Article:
Sunway Group founder supports greater commitment to sustainability
IN light of the new operating norm for many businesses and corporations in adapting to the global Covid-19 pandemic, Sunway Group founder and chairman Tan Sri Dr Jeffrey Cheah shared his thoughts on a new iteration of economic growth that prioritises the benefit of people.
Referencing both the United Nations Sustainable Development Goals (SDGs) as well as author Prof Kate Raworth of University of Oxford’s Environmental Change Institute, Cheah echoed and elucidated the need for the economy to adopt a new way of economic growth – the need made more acute in the wake of the effect of the pandemic on economies.
“Though I am an entrepreneur and a firm supporter of capitalism and the efficacy of markets, I welcome such initiatives that call for a better tomorrow to move beyond what some have termed ‘cowboy capitalism’ to ‘compassionate capitalism’, ” he said.
While the SDGs address societal issues such as poverty, hunger, education gaps and gender equality, among others, Cheah believes the Covid-19 crisis has presented a unique opportunity for economies across the globe to further the sustainability agenda in line with the SDGs.
One of the more concrete representations of the adoption of the SDGs is the creation of the United Nations Sustainable Development Solutions Network (SDSN), through which is the planned creation of three overarching SDSN centres to coordinate continent-wide sustainability initiatives.
While the SDSN centre for Asia will be located in Sunway City Kuala Lumpur, the remaining two will be located in New York City and Paris, overseeing the Americas and Europe/Africa respectively.
“I am especially proud that the SDSN Centre for Asia will be housed in Sunway University, reflecting its significant role in this global effort, while also illustrating Sunway’s full embrace of the sustainability agenda and our commitment to advancing the SDGs in the Asia region, ” he said.
Cost of progress and prosperity
Cheah emphasised the greater urgency and necessity of such efforts in the wake of the pandemic’s visible impact on livelihoods and lives globally.
“While we have enjoyed tremendous economic growth in the last 200 years under the current economic system, the remarkable progress and prosperity have come at an enormous cost, ” he said.
He cited the shared struggle to cope with environmental, social and governance problems, adding how the Covid-19 pandemic has served to further spotlight societal shortcomings and economic inequities.
“The reasons for how we have come to where we are today are numerous, including our unbridled obsession with Gross Domestic Product (GDP), and while GDP is arguably an effective measure for both the wealth of a nation and the standard of living, it has neither adequately measured nor valued the quality of life, ” he added.
Cheah stressed the need for “a wider lens to measure how we are doing, ” calling for metrics that illustrate our collective well-being as a nation, as communities and as individuals, “and not just a GDP number that bears little relation to everyday reality.”
Quoting Prof Raworth’s book Doughnut Economics, Cheah related: “Instead of economies that need to grow, we need economies that make us thrive, whether or not they grow.”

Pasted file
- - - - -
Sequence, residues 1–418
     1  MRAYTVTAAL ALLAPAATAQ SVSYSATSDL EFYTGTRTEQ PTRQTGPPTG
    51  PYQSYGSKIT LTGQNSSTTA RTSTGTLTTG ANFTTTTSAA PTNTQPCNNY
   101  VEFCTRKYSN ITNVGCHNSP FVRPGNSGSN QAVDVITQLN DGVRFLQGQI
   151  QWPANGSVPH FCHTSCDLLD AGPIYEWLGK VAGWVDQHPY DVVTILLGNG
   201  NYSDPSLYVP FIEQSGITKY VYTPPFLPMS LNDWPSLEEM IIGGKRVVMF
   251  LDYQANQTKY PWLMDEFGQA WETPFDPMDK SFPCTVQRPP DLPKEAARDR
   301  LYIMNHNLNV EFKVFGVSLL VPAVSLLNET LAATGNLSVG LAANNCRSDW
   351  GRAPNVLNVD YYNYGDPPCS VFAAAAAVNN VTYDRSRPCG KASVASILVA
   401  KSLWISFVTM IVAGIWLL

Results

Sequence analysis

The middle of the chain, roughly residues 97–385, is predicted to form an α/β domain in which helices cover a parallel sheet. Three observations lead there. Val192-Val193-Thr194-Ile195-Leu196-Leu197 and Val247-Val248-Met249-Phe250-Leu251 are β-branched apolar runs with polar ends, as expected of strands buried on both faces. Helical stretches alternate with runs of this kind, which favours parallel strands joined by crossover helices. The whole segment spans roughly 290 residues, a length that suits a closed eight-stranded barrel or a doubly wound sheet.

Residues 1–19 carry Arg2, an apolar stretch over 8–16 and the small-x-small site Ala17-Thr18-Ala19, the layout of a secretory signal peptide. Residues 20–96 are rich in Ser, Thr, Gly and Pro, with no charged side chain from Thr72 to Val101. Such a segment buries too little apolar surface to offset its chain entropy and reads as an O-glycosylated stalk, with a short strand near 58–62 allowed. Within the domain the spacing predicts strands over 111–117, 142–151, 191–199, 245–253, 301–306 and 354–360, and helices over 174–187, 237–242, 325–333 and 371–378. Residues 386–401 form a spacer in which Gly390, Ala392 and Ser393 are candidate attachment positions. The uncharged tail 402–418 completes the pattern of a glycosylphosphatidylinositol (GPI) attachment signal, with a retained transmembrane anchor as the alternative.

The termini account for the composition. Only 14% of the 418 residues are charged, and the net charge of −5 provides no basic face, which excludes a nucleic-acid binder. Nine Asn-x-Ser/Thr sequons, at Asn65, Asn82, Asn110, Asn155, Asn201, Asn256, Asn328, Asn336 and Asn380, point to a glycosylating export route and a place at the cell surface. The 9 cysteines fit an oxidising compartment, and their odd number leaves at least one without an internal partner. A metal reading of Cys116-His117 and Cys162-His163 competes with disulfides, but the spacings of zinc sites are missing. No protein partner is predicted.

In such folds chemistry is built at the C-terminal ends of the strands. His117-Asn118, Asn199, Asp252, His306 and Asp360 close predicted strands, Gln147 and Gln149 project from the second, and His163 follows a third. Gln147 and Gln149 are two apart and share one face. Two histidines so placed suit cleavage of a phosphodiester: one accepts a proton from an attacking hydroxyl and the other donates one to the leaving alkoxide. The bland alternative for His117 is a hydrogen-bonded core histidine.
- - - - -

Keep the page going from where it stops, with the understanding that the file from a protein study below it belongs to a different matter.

In that respect, he lauded the potential of conceptual frameworks that prioritise people and shift the economic focus to the quality of life, commending, too, the path of transformation charted by the UN Resolution that birthed the 17 SDGs in 2015.
“A crucial aspect of the SDGs is their interconnectivity as well as the emphasis on the human condition, ” he said, lamenting that these goals remain largely aspirational despite worldwide adoption and varying degrees of implementation by member nations.
Thus, the creation of the SDSN and its associated initiative the SDSN Centre, initially slated for public announcement on May 14 at the Vatican by Pope Francis but now rescheduled to October in view of the pandemic, are avenues that Cheah applauds and supports.
“The necessity of such efforts, including the creation of the online knowledge network that is the SDG Academy to draw up a curriculum of sustainable development, at both practical and policy levels, becomes more pronounced when we view the effect of this pandemic.”
Capitalist system under scrutiny
Cheah cited the impact of Covid-19 on public finances and how “governments led by neo-liberal ideologues have ramped up massive deficits.”
The resultant bottom-line of corporations, he added, clearly indicates the need for change.
“The ethos of the capitalist system that has dominated our lives in the past four decades is now under greater scrutiny, ” he said.
Reiterating the need to shift to compassionate capitalism requires the adoption of a capitalist system that motivates and incentivises us to do well by doing good, he pointed out: “One that shifts the focus from the bottom-line reports of quarterly profits to focusing on the the three Ps – People, Planet and Prosperity – and considering the interests of all stakeholders.”
Fulfilling everyone’s needs requires us all to take a deep and honest look at ourselves as individuals and as a society, as well as asking us to prioritise values such as compassion, empathy, tolerance and inclusiveness, he added.
“Such shifts in thinking and operating will ultimately demand more equitable outcomes in policies by governments and in market operations by the private sector.
“And in keeping with Mahatma Gandhi’s words, it means a system and a collection of values that place the highest priority on societal needs and curbs individual greed, ” Cheah concluded.